Nokia Clarifies Its Future N-Series VoIP Plans

I recently wrote about Nokia backing away from VoIP on some of their N-Series phones, in particular noting that carriers had never viewed the addition of the functionality too kindly. Nokia is now responding on its blog, saying that no, it isn’t backing away from VoIP. The company also not only denies that it’s under carrier pressure, but goes so far as to say that I failed to “qualify” such a theory.

In my defense, I have been covering the mobile industry for a long time, and have multiple sources at numerous carriers who have privately shared their disdain for mobile VoIP functionality. There are many incidents of carrier arm-twisting when it comes to mobile VoIP in countries such as the United Kingdom.This is not just a Nokia issue; most handset makers face the same pressures.

And as 3G becomes commonplace, mobile VoIP is turning into an even bigger problem for carriers. According to some estimates you can make a 15-minute VoIP call over 3G and consume about 1 megabyte of data, which means that even with 5 GB caps you can keep yakking all day (and all night) long and still not breach your data limit.

Secondly, Nokia had ample time to respond to my questions and all they offered was a canned response, which I included in the story. And that was after waiting for more than 48 hours. But then it is August, and many (all?) people were on vacation.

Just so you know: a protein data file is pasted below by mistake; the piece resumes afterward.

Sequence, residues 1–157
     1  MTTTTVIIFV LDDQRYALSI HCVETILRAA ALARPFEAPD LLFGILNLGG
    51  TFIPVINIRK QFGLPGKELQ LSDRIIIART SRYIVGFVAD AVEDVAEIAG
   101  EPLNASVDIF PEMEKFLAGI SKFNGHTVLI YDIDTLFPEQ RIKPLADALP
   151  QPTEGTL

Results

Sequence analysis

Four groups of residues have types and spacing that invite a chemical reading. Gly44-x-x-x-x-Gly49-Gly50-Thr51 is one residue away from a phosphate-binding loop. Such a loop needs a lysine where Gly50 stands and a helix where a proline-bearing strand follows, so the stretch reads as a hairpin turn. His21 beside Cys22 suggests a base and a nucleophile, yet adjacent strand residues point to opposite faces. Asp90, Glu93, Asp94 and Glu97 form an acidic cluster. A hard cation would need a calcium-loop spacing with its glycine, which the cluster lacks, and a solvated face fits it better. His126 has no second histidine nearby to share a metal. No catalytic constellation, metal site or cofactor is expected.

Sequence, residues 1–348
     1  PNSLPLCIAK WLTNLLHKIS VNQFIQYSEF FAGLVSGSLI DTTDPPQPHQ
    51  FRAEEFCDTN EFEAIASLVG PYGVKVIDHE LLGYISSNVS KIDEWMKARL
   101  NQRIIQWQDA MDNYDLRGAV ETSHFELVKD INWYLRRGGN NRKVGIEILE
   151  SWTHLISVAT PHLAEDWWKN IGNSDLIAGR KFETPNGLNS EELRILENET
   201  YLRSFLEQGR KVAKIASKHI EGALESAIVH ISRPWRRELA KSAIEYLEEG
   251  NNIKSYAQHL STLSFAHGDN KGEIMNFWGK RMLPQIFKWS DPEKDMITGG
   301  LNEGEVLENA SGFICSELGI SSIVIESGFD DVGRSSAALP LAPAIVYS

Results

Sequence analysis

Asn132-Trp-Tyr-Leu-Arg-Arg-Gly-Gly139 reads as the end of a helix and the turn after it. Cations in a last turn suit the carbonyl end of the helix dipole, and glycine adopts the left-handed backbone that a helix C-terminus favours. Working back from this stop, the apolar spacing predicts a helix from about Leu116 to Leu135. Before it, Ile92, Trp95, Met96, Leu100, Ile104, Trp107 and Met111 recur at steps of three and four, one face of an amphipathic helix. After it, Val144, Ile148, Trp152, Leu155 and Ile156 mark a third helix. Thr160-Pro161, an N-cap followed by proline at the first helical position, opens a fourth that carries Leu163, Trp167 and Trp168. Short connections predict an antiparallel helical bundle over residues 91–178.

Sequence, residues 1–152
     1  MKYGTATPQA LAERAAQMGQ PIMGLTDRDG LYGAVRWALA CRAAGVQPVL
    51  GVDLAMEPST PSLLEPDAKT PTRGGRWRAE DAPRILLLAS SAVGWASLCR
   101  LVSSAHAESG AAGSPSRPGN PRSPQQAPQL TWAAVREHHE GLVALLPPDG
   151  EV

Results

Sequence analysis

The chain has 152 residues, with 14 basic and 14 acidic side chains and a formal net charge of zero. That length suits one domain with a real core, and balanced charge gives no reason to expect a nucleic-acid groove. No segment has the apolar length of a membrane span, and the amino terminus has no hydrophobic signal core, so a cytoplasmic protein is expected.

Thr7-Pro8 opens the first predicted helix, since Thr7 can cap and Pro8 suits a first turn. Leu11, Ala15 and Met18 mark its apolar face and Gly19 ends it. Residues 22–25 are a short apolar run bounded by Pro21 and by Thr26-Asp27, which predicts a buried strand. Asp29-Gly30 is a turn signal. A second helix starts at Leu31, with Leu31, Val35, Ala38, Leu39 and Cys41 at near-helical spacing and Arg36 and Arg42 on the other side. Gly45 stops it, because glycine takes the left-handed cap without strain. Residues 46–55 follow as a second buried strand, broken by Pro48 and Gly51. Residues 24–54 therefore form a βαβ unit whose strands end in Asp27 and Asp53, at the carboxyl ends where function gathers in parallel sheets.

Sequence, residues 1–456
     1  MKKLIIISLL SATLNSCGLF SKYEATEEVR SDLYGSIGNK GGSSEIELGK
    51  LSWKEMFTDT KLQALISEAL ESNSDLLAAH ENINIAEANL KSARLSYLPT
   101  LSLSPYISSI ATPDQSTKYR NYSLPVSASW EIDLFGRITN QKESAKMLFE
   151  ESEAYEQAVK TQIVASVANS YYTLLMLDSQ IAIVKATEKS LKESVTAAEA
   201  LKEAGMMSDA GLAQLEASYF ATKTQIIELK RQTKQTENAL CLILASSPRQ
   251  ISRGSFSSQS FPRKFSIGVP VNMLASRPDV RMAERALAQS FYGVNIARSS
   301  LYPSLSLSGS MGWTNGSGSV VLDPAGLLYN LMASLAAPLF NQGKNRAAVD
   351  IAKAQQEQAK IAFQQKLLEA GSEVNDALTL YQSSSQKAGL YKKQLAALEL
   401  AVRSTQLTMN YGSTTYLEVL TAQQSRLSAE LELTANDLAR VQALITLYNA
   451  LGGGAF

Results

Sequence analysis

Since the story was first published, several people have come to Nokia’s defense, including some of the companies whose products were impacted. Many have reached out to me as well, and I have continued to do my own reporting for a story that will include a proper response to what I think is the bigger issue.

As for what that bigger issue is, Markus Göbel offers up teaser on his blog:

But Nokia’s new Symbian release, S60 3.2, is no option for me – as long as it has no own SIP client. It’s obvious why companies like Fring, Truphone, Gizmo5, Vyke and others are applauding the Nokia move. It ties their customer to them and makes it more difficult to use other companies’ offers. With a native SIP client, which allows to be connected to several different SIP services at the same time, I can be promiscuous. Even the most disruptive mobile VoIP companies prefer to lock me in their walled garden, but I don’t want that.

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